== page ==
The GST Council (GC) has met 10 times during the past few months and has made remarkable progress on various aspects of the GST legislation.
The GST Council (GC) has met 10 times during the past few months and has made remarkable progress on various aspects of the GST legislation. In the last meeting held on February 18, the Compensation Bill was approved by the GC and the next meeting slated for this weekend (March 4-5) is expected to finalise the CGST and IGST Bills.
A key area which does not appear to be receiving requisite attention is the decision on the rates that will apply to various goods and services under GST. It is understood that a separate team of officials has been working for quite some time on classifying goods and services into various rate baskets. In the fourth meeting of the GC held on November 3-4, 2016, it was decided to have four rates (5%, 12%, 18% and 28%) in respect of goods; however, no decision seems to have been taken yet in respect of services. There is a view that the rate of GST on services would be kept at 18% for all services with a few abatements for specified services, hence a detailed discussion on the rates applicable to services is not necessary.
The repeated emphasis of the government on July 1, 2017, as the date of introduction of GST has meant that most businesses small and large are scampering to get GST-ready by the go-live date. In order for a business to be GST-ready, it is essential to have clarity on rates, as without certainty on rates, no meaningful inferences on the effect of GST on a specific business can be drawn. It is also relevant to note that many countries where GST has been introduced have given complete clarity to business much before GST introduction. In case of Malaysia, businesses were given 18 months to prepare, while in Australia a period of 12 months was given to business.
Hence, the need of the hour is to focus on the rate finalisation exercise with specific emphasis on the following aspects:
i. Decide on the rates applicable to services keeping in mind that the existing practice of having one rate applicable to all services may not be appropriate in the GST scenario. There does not appear to have been any discussion on multiple rates for services and hence it would be instructive to look at the rationale of the same. The economic rationale of having multiple rates for goods based on the affluence quotient of the consuming class is equally applicable to services. For instance, if the GST rate on essential goods is exempted or kept low, by the same analogy, the GST rate on essential services should also be kept exempt or low. There are certain services which are consumed by common people such as telecom, cable/DTH, rail travel agents services, etc, which should ideally be taxed at 5%. Many other services can be taxed at 12% and some services which are consumed by the affluent sections of society can even be taxed at 28%.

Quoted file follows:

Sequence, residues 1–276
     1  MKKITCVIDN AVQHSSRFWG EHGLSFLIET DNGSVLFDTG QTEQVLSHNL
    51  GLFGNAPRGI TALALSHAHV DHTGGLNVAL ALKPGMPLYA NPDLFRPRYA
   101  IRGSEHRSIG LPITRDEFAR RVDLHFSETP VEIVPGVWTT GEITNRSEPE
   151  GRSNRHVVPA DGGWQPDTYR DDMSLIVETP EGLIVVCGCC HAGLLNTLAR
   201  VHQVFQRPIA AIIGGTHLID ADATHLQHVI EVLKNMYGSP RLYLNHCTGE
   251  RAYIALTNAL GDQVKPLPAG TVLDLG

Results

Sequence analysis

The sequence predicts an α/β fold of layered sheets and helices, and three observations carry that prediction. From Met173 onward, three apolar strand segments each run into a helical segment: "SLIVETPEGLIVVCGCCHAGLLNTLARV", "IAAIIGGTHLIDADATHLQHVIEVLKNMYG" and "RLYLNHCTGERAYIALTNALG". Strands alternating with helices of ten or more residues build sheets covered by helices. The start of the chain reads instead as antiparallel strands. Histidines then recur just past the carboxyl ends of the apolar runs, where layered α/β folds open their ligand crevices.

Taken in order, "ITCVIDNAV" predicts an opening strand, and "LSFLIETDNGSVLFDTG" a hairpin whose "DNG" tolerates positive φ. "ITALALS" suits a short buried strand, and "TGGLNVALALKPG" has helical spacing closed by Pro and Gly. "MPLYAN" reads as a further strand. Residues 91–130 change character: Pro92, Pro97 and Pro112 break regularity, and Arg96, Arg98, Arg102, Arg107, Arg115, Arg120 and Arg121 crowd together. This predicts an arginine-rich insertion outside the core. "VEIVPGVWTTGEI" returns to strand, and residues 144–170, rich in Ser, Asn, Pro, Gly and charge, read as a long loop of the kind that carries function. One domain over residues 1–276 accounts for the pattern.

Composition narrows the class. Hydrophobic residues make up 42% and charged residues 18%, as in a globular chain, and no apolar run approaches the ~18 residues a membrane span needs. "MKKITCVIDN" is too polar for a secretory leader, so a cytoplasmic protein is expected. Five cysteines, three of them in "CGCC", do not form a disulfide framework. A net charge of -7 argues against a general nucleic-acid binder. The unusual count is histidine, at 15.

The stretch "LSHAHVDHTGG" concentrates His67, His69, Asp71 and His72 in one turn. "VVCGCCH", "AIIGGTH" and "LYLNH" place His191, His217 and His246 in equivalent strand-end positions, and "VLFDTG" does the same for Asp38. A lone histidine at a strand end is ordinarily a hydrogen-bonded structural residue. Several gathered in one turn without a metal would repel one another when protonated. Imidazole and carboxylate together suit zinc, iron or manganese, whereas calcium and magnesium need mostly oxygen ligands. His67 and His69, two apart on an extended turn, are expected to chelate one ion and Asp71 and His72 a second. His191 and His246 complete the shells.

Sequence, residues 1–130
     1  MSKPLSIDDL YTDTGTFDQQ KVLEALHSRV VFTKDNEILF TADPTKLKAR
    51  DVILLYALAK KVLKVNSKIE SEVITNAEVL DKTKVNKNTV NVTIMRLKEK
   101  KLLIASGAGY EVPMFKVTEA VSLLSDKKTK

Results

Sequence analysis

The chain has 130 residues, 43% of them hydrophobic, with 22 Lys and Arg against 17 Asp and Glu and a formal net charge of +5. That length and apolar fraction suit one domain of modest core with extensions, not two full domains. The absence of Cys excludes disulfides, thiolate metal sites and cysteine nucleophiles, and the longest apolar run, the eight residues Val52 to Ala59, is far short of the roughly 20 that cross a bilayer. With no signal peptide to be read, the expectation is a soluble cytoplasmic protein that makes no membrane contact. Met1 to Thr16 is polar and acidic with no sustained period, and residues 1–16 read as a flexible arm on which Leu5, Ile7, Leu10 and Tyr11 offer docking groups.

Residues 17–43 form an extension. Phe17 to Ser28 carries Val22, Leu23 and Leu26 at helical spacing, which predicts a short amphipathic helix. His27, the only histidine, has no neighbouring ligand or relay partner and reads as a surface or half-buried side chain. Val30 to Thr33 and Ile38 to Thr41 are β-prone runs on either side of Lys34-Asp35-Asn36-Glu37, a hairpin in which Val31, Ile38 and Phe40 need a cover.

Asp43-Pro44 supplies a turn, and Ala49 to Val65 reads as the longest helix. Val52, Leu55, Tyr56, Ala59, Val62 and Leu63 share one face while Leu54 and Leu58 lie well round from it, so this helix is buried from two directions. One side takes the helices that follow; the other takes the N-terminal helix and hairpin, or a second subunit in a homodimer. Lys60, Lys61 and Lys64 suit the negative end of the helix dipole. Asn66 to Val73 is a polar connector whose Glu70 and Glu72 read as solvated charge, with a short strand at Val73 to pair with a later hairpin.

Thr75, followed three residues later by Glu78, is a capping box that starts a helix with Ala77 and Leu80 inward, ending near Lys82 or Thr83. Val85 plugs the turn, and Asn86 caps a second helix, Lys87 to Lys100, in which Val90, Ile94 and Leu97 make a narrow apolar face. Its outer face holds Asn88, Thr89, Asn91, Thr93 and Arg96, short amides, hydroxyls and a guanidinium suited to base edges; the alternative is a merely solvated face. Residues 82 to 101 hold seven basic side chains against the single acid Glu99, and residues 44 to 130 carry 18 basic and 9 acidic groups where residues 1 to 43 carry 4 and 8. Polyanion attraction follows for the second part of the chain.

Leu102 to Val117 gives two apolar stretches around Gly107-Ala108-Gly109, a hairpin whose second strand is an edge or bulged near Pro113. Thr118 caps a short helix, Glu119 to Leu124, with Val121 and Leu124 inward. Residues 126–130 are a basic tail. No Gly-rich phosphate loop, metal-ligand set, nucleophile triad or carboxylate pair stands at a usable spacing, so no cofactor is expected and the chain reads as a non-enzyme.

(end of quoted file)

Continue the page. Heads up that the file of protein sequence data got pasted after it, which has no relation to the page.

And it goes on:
You might also want to see this:
ii. Determine the product classification relevant to the rate buckets already decided for goods. This is also a complex exercise despite the rate buckets having been finalised on account of the sheer volume of goods that are required to be put in the appropriate rate bucket. It is understood that the Central Excise Tariff would be the basis of determining the product classifications and all the entries in the tariff would need to be assigned rates that are acceptable to all states. At this juncture, we need to remember that being a diverse country with various state-wise product preferences and tastes, harmonising the GST rate on a specific product having nationwide applicability is indeed a challenging task.
There is no doubt that the GC should focus on getting the draft legislation approved in the next meeting slated for this weekend. At the same time, it is essential that the rate finalisation exercise for both goods and services is also completed expeditiously and announced in early March to enable businesses to move ahead in preparing and welcoming the most significant tax reform that the country has undertaken.
The author is a senior director with Deloitte Haskins & Sells LLP.
Views are personal